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Are Wages Rigid? The Case of France in The Late 1990s

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  • Pierre Biscourp

    (INSEE)

  • Orietta Dessy

    (Bocconi University)

  • Nathalie Fourcade

    (DGTPE)

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    Abstract

    Wages are rigid if they vary less than they should because some mechanisms prevent them from changing, especially decreasing. Empirical tests of downward rigidities are not robust. They are based on ad-hoc assumptions regarding the shape that the distribution of wage variations would have if the wage rigidities were absent. An analysis made for France based on four sources of information on full-time wages in the market sector suggests that the application of these tests to household survey data greatly overestimates wage rigidity. We use reputedly reliable sources to show that wages were highly variable in France in the late 1990s. Every year, wages fell for 20% to 30% of employees. Zero variations from one year to the next were rare. However, basic wage variations, excluding bonuses, displayed characteristics compatible with the presence of rigidities. Wage variability is therefore posited to be partly due to the variability of bonuses.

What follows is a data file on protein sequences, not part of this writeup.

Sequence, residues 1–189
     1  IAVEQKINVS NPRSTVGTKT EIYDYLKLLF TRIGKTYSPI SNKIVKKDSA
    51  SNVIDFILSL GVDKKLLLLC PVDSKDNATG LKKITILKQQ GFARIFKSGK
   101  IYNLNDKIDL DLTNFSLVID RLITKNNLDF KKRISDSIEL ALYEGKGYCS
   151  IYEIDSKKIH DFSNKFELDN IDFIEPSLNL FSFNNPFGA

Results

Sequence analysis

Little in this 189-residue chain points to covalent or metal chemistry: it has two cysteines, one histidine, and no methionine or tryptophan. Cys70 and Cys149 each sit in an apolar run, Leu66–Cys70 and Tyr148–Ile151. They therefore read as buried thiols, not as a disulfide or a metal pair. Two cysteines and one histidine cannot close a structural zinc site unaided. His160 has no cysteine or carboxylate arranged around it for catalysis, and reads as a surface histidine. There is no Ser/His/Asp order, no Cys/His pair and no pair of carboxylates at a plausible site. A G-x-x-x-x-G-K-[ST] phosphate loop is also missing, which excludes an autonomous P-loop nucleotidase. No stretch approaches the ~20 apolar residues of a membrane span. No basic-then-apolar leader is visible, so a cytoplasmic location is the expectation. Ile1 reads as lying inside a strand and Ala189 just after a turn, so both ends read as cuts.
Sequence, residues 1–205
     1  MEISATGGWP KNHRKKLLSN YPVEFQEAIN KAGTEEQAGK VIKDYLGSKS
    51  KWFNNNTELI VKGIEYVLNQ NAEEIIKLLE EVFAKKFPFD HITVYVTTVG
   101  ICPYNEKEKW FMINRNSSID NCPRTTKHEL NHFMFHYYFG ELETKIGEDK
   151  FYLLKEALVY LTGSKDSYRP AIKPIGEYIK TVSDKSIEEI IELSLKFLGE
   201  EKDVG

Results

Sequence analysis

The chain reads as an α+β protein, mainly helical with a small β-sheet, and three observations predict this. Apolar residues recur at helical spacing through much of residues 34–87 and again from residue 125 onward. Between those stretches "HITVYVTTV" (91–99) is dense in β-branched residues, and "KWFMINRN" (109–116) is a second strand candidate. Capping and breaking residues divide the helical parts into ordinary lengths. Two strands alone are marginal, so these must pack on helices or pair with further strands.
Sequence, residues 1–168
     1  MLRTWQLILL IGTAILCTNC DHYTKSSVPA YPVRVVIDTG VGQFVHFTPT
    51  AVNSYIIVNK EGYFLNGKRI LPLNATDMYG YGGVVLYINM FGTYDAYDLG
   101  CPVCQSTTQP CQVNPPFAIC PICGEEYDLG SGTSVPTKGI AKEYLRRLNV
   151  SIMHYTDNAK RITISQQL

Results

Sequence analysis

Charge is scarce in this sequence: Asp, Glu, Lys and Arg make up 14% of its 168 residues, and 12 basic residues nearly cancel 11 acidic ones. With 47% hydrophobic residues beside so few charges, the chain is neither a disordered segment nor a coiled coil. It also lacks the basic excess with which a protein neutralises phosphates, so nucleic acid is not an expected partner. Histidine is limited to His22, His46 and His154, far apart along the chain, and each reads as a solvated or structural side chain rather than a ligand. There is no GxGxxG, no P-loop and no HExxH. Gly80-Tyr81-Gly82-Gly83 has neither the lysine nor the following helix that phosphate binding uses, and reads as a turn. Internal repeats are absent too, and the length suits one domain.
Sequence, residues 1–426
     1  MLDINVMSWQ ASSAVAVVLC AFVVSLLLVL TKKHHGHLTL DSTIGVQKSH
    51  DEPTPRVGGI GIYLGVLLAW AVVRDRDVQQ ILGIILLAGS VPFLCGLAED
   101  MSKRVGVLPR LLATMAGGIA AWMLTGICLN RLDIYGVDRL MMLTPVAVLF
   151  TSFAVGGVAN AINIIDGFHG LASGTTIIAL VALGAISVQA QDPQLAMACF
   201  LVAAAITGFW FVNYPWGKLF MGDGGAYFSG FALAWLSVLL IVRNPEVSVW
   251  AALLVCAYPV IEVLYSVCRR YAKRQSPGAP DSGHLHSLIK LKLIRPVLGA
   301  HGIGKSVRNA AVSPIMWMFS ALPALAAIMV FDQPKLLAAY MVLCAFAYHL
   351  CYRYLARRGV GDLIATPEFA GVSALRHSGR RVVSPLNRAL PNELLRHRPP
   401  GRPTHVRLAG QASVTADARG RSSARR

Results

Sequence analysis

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    Bibliographic Info

    Article provided by Institut National de la Statistique et des Etudes Economiques in its journal Economie et Statistique.

    Volume (Year): 386 (2006)
    Issue (Month): (March)
    Pages: 59-89

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    Handle: RePEc:crs:ecosta:es386c

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    Related research

    Keywords: Wage Rigidity; Measurement Errors;

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    8. Taylor, John B, 1980. "Aggregate Dynamics and Staggered Contracts," Journal of Political Economy, University of Chicago Press, vol. 88(1), pages 1-23, February.
    9. David Card & Francis Kramarz & Thomas Lemieux, 1999. "Changes in the Relative Structure of Wages and Employment: A Comparison of the United States, Canada, and France," Canadian Journal of Economics, Canadian Economics Association, vol. 32(4), pages 843-877, August.
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